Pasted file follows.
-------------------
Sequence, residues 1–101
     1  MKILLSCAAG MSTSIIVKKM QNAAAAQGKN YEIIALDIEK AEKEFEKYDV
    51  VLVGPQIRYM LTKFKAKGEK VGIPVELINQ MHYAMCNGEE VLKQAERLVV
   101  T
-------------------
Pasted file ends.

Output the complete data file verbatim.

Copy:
Sequence, residues 1–101
     1  MKILLSCAAG MSTSIIVKKM QNAAAAQGKN YEIIALDIEK AEKEFEKYDV
    51  VLVGPQIRYM LTKFKAKGEK VGIPVELINQ MHYAMCNGEE VLKQAERLVV
   101  T